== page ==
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Pacific Theatres Expected to Acquire Grove Cinemas

Times Staff Writer

A big screen is fetching big bucks.

Pacific Theatres Corp. is close to buying the Grove theater complex, one of the Los Angeles area’s top-grossing movie houses, for about $30 million, according to people familiar with the deal.

The sale of the 14-screen multiplex, which is located at the Grove retail center in Los Angeles’ Fairfax District, represents one of the highest per-screen prices -- about $2.1 million apiece -- ever paid for a movie theater, according to industry observers. Los Angeles-based Pacific Theatres is scheduled to complete the purchase from developer Rick Caruso today.

“It’s been an incredibly successful theater,” said Greg Laemmle, vice president of Laemmle Theatres, a Los Angeles-based art house chain. “It’s perfectly located in the middle of town with all the amenities that people want.”

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The 10-month-old Grove cinemas, which feature an opulent Art Deco-style lobby and 3,000 stadium-style seats, have benefited greatly from their location in the heart of the Grove, a 450,000-square-foot open-air center built by Caruso’s company, Caruso Affiliated Holdings.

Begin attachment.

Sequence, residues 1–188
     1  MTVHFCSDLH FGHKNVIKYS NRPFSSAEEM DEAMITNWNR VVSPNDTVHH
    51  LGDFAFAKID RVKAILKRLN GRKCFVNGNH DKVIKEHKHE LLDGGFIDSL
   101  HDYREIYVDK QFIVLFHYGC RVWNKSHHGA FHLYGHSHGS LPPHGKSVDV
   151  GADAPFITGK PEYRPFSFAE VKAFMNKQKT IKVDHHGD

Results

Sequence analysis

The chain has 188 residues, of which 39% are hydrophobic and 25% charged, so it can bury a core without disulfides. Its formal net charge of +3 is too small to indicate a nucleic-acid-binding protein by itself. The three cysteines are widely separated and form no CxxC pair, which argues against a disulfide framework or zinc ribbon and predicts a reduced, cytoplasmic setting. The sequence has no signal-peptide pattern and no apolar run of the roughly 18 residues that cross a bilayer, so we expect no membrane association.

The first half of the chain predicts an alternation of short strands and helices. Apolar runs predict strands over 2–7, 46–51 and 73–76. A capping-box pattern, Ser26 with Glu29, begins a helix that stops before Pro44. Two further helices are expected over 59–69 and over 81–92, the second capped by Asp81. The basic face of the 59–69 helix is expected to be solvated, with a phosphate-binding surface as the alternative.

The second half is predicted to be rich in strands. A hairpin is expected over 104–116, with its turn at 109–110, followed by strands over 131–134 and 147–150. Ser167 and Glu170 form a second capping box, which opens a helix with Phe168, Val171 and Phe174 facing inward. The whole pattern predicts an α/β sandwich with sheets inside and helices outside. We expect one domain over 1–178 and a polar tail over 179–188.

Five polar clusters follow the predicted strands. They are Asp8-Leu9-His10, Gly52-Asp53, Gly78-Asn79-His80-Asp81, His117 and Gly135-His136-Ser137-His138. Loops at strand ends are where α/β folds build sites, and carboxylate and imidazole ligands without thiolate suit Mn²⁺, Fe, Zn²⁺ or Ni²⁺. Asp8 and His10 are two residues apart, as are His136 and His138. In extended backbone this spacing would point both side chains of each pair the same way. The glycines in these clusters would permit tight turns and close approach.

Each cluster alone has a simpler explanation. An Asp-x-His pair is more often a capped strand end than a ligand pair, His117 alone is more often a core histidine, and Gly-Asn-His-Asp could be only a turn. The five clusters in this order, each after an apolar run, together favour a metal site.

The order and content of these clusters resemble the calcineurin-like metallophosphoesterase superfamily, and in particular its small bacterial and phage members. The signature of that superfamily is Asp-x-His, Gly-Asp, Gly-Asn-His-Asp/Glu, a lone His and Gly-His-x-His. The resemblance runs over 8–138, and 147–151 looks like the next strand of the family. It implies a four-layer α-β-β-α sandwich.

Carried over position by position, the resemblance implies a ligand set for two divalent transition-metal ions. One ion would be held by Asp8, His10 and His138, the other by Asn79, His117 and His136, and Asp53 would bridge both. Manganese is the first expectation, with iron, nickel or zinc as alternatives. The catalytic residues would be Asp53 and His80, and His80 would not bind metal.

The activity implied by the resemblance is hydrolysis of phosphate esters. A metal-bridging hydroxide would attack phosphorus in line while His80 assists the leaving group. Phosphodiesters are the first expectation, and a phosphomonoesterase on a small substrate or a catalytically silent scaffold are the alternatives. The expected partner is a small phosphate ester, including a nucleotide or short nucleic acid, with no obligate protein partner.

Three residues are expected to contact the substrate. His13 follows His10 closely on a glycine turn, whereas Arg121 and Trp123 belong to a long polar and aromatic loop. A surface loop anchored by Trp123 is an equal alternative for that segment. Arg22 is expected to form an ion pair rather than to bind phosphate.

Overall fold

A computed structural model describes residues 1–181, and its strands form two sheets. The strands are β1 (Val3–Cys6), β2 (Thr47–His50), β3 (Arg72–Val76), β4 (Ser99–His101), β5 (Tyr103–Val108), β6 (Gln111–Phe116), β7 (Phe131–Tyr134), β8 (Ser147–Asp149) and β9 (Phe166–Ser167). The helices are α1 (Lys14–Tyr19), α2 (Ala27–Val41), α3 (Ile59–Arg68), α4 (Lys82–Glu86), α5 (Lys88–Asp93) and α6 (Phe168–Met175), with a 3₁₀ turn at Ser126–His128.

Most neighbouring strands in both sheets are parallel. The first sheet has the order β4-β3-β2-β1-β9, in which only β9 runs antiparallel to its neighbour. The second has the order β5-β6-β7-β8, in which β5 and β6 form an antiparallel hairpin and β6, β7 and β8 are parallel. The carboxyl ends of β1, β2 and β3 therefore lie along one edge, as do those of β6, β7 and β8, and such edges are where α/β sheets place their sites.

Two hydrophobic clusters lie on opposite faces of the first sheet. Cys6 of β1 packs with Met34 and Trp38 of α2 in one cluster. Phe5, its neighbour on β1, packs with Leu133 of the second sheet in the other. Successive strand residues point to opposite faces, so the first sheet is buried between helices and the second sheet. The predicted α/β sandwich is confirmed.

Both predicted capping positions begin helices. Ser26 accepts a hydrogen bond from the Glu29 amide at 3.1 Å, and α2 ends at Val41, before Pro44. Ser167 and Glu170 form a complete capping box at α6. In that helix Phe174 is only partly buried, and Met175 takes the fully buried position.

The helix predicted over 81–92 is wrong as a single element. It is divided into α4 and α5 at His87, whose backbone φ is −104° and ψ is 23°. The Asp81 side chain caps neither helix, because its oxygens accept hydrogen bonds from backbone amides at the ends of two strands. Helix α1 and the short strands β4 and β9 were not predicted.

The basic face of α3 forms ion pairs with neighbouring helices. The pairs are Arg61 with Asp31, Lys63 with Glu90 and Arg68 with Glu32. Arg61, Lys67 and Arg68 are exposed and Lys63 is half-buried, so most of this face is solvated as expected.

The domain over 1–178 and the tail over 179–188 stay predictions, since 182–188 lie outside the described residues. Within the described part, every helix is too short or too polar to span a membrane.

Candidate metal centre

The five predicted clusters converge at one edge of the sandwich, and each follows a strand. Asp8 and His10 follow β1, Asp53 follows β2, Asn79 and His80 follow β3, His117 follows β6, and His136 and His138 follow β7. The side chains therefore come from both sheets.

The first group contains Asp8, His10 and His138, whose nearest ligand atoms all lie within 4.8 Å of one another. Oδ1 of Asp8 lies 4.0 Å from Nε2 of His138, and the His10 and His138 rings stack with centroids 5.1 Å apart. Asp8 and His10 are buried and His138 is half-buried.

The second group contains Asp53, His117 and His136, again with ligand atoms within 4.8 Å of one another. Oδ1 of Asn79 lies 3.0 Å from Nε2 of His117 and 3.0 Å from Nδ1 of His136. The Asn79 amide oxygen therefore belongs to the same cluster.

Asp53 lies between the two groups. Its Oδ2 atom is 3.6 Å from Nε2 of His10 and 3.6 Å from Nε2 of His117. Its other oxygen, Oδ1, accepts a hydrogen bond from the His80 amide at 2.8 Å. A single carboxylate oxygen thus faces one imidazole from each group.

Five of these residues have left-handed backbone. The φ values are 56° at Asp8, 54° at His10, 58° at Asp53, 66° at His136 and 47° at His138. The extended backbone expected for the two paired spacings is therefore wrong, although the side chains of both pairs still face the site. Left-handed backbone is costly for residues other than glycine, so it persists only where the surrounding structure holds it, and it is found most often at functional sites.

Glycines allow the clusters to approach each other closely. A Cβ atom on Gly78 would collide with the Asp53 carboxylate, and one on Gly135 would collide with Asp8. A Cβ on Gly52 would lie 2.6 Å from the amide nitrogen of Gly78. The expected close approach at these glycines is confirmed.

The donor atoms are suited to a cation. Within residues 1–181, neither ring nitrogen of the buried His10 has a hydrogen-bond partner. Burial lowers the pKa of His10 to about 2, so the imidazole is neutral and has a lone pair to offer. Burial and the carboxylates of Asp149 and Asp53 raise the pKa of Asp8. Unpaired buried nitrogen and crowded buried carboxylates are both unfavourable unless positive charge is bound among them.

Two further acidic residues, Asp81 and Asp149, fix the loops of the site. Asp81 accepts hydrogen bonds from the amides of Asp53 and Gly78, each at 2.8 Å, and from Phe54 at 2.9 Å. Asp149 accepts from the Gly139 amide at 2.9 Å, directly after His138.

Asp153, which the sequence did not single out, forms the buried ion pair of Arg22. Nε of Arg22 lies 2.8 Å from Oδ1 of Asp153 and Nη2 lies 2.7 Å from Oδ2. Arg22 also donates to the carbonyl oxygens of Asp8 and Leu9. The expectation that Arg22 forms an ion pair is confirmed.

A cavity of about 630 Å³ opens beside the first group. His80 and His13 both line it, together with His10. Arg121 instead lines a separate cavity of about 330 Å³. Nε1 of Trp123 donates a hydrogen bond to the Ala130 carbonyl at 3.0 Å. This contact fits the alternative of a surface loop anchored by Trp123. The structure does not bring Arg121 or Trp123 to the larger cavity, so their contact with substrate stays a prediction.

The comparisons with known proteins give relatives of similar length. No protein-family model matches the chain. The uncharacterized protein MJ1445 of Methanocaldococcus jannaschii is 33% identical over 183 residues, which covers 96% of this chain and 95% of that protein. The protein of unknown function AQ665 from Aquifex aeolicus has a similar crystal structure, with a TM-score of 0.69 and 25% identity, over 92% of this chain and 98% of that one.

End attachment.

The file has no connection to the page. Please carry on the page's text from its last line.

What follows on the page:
“The Grove has a been a strong performer almost out of the box,” said retail industry consultant Rob York at Fransen Co. As a result, the theater “has put pressure on some of the older theaters in that part of Los Angeles.”

Executives at Pacific Theatres and Caruso Affiliated Holdings declined to comment.

Caruso’s initial plans for the Grove, unveiled three years ago, included Pacific Theatres’ concept for a high-tech, luxury cinema called ArcLight.

But Pacific instead built the first ArcLight in a new complex that surrounds the Cinerama Dome in Hollywood. The firm operates the Grove theater under a management contract with Caruso, who had always planned to sell the theater building once it was up and running.

Pacific had to compete against other large movie-chain operators, including AMC Entertainment Inc., to buy the complex, said people familiar with the process. Executives at AMC would not comment.

Owning such a high-grossing and high-profile location would give the family-owned company -- a relatively small regional chain with about two dozen multiplexes in California -- much more clout with movie distributors, according to industry observers.

“It’s really great to be the exhibitor who delivers that theater,” Laemmle said.

The Grove and ArcLight theaters are part of a new generation of luxury movie houses that charge a premium price -- as much as $11.75 and $14, respectively -- for more-comfortable seating and service as well as top-notch sound and projection systems.

“They are the state of the art, and people in this town really respond to that,” said Paul Dergarabedian, president of Exhibitor Relations, which tracks box-office results.


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